As the Education Coordinator I am grateful for what the museum and board is currently doing for us by allowing us the privilege of working from home. As this pandemic continues, a lot of people have lost their jobs, or are currently working jobs that put them in danger every single day; my utmost respect and appreciation goes to these essential workers.

Curriculum Development

One of the greatest challenges facing educators right now is the transition to an online classroom. Every day, these teachers are reinventing education in this country. They are hungry for new, trustworthy content to share with their students. The Education Staff and I are currently working to answer this need: developing new online virtual curriculum and revising current curriculum for the next season of field trips and education programs.

We are utilizing this time to create online content and lessons to provide support for teachers and students during this time. We are also making sure the existing education material reflects the most updated and current version of California State Standards.

How does the Education Staff feel about working from home?

The Education Staff shared some insight on what their experience working from home has been like:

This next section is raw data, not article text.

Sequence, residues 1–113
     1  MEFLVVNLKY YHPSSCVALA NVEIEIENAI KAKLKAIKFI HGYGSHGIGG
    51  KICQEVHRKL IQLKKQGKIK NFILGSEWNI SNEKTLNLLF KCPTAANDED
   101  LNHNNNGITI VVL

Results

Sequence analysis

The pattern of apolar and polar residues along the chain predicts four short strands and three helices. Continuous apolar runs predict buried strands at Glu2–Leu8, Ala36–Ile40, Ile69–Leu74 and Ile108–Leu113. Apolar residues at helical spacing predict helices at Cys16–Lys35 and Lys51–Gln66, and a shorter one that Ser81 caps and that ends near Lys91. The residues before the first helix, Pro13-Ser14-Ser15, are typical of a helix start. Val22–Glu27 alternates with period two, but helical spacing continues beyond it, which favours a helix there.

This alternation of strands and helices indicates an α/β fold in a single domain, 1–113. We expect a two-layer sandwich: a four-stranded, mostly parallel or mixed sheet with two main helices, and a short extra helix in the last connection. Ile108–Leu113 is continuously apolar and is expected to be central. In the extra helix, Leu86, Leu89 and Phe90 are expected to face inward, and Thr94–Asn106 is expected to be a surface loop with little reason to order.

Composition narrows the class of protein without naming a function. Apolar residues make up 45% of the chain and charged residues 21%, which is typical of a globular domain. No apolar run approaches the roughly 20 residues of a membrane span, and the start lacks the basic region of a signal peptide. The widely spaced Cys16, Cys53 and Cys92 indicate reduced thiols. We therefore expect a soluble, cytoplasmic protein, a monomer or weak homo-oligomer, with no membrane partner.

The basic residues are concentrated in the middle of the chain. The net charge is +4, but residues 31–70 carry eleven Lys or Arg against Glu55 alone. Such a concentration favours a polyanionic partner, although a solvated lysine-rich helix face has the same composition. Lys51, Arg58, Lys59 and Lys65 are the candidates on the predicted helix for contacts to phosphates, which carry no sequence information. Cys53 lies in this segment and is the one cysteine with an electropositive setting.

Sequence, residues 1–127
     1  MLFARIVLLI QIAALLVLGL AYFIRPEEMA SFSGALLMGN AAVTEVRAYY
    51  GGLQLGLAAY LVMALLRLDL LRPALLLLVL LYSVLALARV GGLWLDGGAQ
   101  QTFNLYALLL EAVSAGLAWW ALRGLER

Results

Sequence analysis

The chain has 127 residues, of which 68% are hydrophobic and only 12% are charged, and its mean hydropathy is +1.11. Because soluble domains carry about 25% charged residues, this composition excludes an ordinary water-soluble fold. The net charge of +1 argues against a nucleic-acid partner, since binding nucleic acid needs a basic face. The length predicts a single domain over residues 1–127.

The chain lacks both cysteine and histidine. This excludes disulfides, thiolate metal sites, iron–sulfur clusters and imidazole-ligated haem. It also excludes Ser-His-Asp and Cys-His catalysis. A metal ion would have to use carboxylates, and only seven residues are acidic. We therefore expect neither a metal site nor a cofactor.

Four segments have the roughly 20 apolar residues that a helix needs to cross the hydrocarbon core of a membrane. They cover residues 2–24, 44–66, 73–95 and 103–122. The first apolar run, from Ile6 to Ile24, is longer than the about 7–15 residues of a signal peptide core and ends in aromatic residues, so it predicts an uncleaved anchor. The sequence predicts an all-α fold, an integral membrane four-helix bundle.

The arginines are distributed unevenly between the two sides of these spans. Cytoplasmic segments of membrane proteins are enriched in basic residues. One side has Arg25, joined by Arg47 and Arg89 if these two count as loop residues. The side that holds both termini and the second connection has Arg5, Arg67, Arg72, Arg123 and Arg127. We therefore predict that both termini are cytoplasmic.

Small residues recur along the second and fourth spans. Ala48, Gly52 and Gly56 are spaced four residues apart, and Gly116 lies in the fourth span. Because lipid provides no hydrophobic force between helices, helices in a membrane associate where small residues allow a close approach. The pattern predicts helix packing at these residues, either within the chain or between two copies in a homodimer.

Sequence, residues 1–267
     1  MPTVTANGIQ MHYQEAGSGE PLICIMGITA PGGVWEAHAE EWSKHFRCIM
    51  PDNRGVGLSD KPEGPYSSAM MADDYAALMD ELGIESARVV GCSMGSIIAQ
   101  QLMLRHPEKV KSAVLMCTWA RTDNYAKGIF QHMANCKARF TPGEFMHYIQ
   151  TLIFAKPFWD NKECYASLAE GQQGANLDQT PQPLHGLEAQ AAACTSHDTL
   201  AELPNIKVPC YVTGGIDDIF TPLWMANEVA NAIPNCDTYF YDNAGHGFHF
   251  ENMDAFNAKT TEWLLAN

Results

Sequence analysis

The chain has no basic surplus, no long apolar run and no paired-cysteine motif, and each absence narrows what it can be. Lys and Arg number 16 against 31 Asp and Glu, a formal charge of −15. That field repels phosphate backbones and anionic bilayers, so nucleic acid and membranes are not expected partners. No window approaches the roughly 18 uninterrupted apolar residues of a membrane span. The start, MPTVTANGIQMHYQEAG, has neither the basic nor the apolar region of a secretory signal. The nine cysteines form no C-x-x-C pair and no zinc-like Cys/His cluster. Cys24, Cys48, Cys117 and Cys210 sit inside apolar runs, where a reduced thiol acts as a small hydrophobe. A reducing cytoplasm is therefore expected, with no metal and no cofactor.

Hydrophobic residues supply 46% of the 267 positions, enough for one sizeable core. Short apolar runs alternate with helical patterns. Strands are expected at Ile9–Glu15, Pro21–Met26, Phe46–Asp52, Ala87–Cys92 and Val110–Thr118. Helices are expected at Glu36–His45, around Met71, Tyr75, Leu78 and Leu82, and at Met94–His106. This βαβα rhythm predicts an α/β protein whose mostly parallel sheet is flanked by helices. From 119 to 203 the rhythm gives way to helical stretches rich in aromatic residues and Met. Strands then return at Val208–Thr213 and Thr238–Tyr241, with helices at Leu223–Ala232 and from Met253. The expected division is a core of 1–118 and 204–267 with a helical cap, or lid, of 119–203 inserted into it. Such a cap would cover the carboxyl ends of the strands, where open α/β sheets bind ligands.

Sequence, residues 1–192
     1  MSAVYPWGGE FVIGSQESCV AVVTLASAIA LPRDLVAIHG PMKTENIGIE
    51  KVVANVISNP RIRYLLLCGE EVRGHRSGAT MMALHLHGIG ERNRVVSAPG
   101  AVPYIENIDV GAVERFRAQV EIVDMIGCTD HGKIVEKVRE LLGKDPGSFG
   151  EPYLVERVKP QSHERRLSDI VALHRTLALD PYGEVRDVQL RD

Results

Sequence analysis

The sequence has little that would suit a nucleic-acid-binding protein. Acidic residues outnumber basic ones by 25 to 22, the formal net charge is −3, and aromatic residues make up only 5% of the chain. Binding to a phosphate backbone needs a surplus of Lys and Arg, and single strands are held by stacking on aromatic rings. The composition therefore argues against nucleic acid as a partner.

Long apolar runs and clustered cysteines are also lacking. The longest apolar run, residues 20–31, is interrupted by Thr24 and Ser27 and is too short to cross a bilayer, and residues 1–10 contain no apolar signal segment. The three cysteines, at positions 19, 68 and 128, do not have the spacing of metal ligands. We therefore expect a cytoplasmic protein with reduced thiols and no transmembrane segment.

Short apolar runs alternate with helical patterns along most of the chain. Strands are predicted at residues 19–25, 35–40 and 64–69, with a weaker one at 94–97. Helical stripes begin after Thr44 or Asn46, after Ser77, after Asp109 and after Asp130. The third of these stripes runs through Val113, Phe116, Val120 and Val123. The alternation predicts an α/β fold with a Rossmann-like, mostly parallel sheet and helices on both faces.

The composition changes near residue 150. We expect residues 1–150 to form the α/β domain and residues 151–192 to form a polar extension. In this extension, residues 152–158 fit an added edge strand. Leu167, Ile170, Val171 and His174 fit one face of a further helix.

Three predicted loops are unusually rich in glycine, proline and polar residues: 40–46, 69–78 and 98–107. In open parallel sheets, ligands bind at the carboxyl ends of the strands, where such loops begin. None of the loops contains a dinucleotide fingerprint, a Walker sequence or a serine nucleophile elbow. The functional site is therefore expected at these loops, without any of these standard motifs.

Cory Fitzsimmons
Working from home has been a great experience overall. As a prospective teacher, I see that it's really valuable to be able to create online educational material.

                                      Luis Landeros
I have been learning so many new things either from doing research or writing outlines and scripts, which I never thought this was something I would get to do! It is such a different experience and working from home is what is needed in such hard times so it is what we will keep doing to help the museum keep moving forward!

                                        Charles Kirby
Of course, I would prefer being all together, but I feel everyone is just as committed to getting the work done. I also feel that my colleagues and supervisors are always available if needed and have been super willing to work with me if I have any issues or concerns.

Friday, February 28, 2020

Ocotillo Blooms 2020!

Each spring, the desert comes alive as the wildflowers bloom and transform the Yuha Desert into a colorful canvas, and the best place to celebrate this is at the Imperial Valley Desert Museum!

On Sunday, February 23, the IVDM hosted its 2nd Annual Ocotillo Blooms! – a community based event designed for families and children to come out to the Museum and celebrate wildflowers blooming in our desert and learn the many values of native plants.

This year we had 170 attendees, many of them being families with young children. The event included food,music, vendors, painting, a water color activity, scavenger hunt, desert biome lecture, and butterfly release. We were able to release 100 painted butterflies into our desert!